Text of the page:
To quote Shakespeare, “They say the owl is a baker’s daughter.” In the Bard’s Hamlet, Ophelia goes mad and begins spewing nonsense. In this particular line, she likens herself the baker’s daughter who refused someone a piece of bread. Inspired by Ophelia and the dark that comes with being mad, local chefs/bakers Alicia and Max Motter named their bake shop after her. Ofélia Bakeshop, a quiet brainchild of the Motters, opened in 2019. Despite the namesake, they would probably never refuse you a piece of bread.
“I was a teenager and [baking] just clicked one day,” Alicia says. “I started doing it and it just stuck. I was interested in the science behind it and how it works.”
She recalls selling homemade chocolate bars from her locker in high school and remembers the joy that it brought others. She continues to bake for others to help spread joy.
“When we first started doing it, it was really fun. I love building relationships with the community. I was happy to see that people were interested and wanted to host us or purchase from us. A lot of people inspired and pushed me in this way,” Alicia says. “But this year has pushed me back into research mode. I’ve really been focusing on the science and history of food.”
Throughout 2019, the couple has found success hosting popups at local businesses and they have even sold their sweet treats in places like Proper Meats + Provisions and Stronghold Coffee. This past November, they came back to sell holiday pies through Stronghold.
Popups are currently on hold for Ofélia Bakeshop. Like many who baked bread during the hard lockdowns and quarantine, Alicia is allowing this time to be a period of growth.
“I miss popups, but it seems difficult to do them right now so I’m sitting this year out,” she says. “I’m trying to hone in on my science. Once you build that up, you can play with flavors and go crazy. I’m trying to get back to the basics. My bread has been getting better since I’ve had more time to focus on it. It’s one of those things you have to make a lot and become friends with.”
Alicia’s decorative breads and sweets are reminiscent of Ophelia’s choices in flowers, looking for beauty in a dark world. The baker describes her inspiration as coming from the things around her, from a backyard garden to the edible plants growing in and around Flagstaff. And as she gets to the base of what brought her to baking in the first place, she’s creating more and more food that brings joy.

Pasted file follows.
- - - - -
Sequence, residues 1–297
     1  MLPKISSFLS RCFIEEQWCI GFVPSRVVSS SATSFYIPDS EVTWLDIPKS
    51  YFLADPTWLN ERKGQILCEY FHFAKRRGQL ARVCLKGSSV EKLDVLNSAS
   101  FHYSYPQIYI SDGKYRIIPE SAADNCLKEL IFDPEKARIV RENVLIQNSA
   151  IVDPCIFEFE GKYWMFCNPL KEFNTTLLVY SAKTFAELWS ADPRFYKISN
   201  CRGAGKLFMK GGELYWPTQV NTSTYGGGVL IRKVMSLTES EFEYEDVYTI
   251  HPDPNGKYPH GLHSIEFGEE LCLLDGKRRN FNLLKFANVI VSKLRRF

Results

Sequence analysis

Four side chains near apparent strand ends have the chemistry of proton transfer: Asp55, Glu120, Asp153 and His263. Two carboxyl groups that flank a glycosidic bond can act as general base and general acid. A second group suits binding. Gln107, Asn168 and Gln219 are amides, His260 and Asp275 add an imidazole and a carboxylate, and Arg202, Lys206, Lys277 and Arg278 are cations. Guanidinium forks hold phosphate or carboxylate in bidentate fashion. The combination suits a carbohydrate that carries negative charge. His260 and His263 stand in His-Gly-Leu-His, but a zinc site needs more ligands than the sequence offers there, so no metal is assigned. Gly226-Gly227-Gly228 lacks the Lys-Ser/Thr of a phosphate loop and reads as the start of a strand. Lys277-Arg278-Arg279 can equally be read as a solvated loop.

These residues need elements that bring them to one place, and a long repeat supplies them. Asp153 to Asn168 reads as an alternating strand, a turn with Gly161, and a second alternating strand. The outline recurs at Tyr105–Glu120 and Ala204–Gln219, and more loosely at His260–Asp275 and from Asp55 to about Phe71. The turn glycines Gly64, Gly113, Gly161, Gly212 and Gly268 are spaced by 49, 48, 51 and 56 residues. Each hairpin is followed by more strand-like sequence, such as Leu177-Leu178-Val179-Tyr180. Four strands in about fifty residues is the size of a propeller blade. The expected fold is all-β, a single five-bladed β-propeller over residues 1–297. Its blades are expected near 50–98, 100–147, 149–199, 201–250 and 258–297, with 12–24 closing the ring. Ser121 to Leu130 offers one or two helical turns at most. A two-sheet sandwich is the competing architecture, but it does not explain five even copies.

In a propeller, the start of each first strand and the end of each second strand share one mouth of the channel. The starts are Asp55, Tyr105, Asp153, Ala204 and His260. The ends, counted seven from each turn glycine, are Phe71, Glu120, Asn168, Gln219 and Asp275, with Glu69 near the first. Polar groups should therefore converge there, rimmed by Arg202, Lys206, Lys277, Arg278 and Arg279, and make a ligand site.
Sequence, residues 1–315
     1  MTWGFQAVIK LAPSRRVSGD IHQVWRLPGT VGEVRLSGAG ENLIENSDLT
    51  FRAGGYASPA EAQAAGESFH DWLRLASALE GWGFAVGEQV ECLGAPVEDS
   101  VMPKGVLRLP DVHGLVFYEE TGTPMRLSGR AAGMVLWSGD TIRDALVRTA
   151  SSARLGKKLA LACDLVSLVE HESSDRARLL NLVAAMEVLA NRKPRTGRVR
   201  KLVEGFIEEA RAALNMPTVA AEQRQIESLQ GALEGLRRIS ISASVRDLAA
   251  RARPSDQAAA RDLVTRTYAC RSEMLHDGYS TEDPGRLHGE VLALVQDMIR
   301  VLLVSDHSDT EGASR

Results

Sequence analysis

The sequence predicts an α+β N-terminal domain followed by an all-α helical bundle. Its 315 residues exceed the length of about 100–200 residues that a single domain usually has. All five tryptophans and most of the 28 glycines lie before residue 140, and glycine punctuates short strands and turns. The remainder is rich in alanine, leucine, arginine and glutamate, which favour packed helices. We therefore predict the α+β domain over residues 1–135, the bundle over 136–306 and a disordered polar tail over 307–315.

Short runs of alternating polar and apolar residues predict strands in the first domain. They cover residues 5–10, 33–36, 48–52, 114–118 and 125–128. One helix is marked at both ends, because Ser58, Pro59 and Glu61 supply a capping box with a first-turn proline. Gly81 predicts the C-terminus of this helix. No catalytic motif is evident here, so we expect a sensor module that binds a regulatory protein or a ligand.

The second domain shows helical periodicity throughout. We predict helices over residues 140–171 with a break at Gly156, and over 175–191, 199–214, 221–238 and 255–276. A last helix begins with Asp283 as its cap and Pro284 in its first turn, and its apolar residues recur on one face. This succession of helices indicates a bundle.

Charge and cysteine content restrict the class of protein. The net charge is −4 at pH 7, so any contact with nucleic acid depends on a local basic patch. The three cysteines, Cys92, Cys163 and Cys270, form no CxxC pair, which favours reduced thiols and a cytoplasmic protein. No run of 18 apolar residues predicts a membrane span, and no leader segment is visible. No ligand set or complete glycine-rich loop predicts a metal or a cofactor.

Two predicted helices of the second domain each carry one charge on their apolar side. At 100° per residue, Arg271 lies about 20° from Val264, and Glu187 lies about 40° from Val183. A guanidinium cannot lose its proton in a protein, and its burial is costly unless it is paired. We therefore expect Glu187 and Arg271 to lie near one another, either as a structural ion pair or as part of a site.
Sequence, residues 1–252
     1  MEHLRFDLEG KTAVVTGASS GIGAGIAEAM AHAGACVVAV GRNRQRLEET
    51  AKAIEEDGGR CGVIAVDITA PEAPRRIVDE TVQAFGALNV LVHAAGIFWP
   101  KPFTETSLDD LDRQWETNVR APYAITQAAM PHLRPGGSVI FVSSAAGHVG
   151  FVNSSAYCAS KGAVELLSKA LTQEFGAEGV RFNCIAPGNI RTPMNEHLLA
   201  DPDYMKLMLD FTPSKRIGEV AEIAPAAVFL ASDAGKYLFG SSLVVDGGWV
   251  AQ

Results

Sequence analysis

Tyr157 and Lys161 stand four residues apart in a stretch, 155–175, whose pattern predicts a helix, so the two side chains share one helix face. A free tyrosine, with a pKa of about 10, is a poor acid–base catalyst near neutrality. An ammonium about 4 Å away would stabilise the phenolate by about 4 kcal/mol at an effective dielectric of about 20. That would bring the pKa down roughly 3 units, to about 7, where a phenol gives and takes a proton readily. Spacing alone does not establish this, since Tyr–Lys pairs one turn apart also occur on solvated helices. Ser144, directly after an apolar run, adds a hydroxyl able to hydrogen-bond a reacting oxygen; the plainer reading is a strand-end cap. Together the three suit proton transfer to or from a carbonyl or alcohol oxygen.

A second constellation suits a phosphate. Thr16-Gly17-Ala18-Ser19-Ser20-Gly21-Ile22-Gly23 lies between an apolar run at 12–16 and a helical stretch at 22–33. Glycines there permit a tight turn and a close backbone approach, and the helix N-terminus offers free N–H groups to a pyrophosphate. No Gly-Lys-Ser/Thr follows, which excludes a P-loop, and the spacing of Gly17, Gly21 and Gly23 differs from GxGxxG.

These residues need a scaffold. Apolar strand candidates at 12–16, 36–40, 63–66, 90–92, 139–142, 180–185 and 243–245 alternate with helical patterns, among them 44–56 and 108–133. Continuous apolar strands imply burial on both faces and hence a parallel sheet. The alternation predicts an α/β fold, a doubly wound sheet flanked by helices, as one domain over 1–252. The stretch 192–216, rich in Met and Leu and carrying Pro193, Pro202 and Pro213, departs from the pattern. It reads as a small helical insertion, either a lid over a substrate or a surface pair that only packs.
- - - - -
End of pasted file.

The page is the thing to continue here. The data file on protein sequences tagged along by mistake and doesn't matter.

“I try to make comfort food. I just want people to be happy when they’re eating,” she says. “People find so much comfort in food and nostalgia. I like creating new things but I think it’s special going back to what you grew up with and what your mom made and so I ask, What are you going to eat that’s going to trigger those feelings? That’s what I make at home and for others.”
There isn’t a set standard for what bakers make. Whether it’s sweet and small or large and intricate, baking is where the heart is. It can become a great outlet.
“I bake whatever mood I’m in. I love early morning hours. I get most of my work done in the morning. I love that first light. I really love the seasons and am a very seasonal baker—from the elements to what’s in season,” Alicia says.
She continues to take on requests during this time to bring others joy. While she’s not doing popups, this year has still been a year for pies and cakes and soon biscochitos. She is still celebrating the sweet.
For bakers and food makers at the beginning of their journeys, Alicia recommends learning the basics first. Once simple recipes and techniques are mastered, anything is possible.
“It is very much a science, but once you figure that out you can begin creating,” Alicia says. “You can do anything with food and it’s beautiful and makes people happy. I jumped into it and stuck with it, it’s just evolving too. I’ve never stopped learning. It’s a part of me at this point.”
Margarita Cruz holds an MFA in Creative Writing from Northern Arizona University. She serves on the Northern Arizona Book Festival board and as editor-in-chief for Thin Air Magazine. Her work has been featured in The Tunnels and Susquehanna Review, among others.